Tuition is rising because colleges are shoveling money to programs like water polo
Greene used Arizona State University as central illustration, and ASU’s president was not amused. He was, Greene said, was “quite nasty” and “shockingly unscholarly” in response. “He didn’t like the our report, so he sent a letter to my chancellor accusing me of misconduct. It was really quite something.”
The Wall Street Journal article also sparked push back, albeit less combative.
After it appeared, Charles Lane summarized it in a Washington Post column. Among his indictments, Lane, an editorial writer for the Post, wrote that in the past decade, “Minnesota’s administrative payroll has gone up three times as fast as the teaching payroll, and twice as fast as student enrollment.”
University of Minnesota President Eric Kaler responded to Lane with a letter, arguing that UM “has reduced the per capita cost of educating students by 13 percent since 2000.”
Kaler blamed tuition hikes on “stunning state disinvestment,” as states floundering in red ink slashed outlays to state colleges. He also argued that regulation, “improving the student experience,” and “managing complex technology” all require administrative staff.
Conflict and suspicion
With provosts walking out on speeches and university presidents lashing out at researchers, Kaler’s response was tame and dignified. But tensions are obviously high, and this is exactly what political scientist James Q. Wilson predicted in 1989.
In his book, "Bureaucracy," Wilson distinguished agencies with clear goals and means of measuring them from “coping agency,” which can neither measure an outcome nor really observe a process. Education was his prime example.
“Coping agencies rarely can develop the sense of mission and the external support necessary for their management to be left in career hands,” Wilson wrote in “Bureaucracy.” “These organizations can point to neither unambiguous accomplishments nor visible activity; as a result, they are likely to be enmeshed in controversy about their goals and engulfed in suspicion about their means.”
Much of the dispute hinges on Kaler’s phrase, “improving the student experience.”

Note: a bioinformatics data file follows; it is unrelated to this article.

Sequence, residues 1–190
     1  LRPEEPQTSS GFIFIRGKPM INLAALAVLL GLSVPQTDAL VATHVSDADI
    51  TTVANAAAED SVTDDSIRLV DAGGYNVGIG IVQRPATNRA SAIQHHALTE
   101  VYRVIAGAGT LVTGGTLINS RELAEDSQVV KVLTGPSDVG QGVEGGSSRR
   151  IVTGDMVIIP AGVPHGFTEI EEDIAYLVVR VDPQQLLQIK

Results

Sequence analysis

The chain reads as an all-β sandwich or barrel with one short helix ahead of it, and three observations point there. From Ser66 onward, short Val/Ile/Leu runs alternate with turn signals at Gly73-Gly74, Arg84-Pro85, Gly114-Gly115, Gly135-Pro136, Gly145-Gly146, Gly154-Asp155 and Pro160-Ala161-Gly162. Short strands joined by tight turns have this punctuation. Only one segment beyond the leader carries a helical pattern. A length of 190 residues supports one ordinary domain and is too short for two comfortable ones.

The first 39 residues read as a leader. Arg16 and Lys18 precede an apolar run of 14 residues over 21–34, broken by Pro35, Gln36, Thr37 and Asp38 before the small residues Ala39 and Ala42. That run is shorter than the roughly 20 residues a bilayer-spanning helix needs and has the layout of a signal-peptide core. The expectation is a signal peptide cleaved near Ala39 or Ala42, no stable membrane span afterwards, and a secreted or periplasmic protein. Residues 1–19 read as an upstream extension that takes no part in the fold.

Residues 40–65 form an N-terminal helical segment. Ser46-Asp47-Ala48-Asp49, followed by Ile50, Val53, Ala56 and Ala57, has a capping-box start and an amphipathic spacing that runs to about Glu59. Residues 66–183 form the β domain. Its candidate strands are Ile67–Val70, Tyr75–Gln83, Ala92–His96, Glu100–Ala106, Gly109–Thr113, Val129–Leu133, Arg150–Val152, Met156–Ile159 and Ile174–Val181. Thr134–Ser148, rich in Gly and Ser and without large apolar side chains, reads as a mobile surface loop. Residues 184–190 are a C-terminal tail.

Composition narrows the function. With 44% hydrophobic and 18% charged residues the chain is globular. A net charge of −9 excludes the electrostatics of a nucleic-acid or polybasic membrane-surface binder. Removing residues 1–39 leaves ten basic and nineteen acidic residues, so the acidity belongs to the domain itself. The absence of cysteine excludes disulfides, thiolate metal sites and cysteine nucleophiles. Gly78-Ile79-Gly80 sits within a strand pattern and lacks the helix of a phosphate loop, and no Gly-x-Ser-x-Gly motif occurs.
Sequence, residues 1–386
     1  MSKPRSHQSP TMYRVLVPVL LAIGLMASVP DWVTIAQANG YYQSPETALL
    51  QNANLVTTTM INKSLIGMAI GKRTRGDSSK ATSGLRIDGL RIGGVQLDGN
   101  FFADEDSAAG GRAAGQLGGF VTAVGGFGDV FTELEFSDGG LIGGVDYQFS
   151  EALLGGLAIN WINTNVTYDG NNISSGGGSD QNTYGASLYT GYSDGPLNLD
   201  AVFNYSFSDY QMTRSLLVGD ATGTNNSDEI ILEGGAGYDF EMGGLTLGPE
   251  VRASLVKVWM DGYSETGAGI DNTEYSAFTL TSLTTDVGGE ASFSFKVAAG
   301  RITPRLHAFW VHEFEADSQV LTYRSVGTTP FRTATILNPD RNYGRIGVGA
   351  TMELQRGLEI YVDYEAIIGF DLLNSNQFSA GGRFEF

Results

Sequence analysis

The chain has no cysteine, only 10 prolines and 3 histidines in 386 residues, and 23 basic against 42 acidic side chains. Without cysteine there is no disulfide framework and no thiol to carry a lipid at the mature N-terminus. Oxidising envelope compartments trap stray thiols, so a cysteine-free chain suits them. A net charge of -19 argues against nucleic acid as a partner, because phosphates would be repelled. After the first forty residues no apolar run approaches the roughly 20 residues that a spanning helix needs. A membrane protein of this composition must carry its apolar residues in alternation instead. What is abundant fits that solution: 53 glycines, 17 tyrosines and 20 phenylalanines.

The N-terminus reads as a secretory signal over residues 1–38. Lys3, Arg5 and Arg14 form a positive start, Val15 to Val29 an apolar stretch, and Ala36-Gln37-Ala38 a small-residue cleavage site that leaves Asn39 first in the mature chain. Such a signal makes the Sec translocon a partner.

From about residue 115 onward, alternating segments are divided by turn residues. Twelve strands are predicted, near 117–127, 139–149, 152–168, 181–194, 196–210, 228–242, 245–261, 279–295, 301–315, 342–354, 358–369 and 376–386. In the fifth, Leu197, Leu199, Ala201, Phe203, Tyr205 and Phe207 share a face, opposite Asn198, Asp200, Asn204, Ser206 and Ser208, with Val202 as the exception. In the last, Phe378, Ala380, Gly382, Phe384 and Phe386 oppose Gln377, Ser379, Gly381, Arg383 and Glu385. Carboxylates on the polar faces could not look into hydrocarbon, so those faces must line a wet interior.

Greene’s dispute with Arizona State centered largely on categories. In its official response, available online, ASU insisted that Greene had conflated key distinctions in “administration,” “student services” and “other professionals” categories.
The “other professionals” category, ASU argued, includes those who “support our students’ academic experience: academic advisers, financial aid counselors, career counselors, reference librarians, laboratory staff and literally hundreds of people who have nothing to do with the management of the institution. The effect is to inflate the number of staff categorized as administrators and distort the true picture.”
Greene said he was transparent in his categories and that he simply combined groups to distinguish between direct classroom investments and all things outside the classroom. Greene does not dispute the list of “student services” offered by ASU, but views it as part of the problem.
“Universities have expanded the services they offer to include everything,” Greene said. “Paid staff run a variety of services because the mission of the university has expanded beyond its core mission of teaching and research to include a variety of services, entertainment and business ventures that have no obvious connection.”
"Universities have gotten into the venture capital business," Greene said, "They see themselves as business incubators. My guess is they are very bad at it." Greene points to Gordon Gee from Ohio State University, who says Ohio State is the "economic engine of Ohio."
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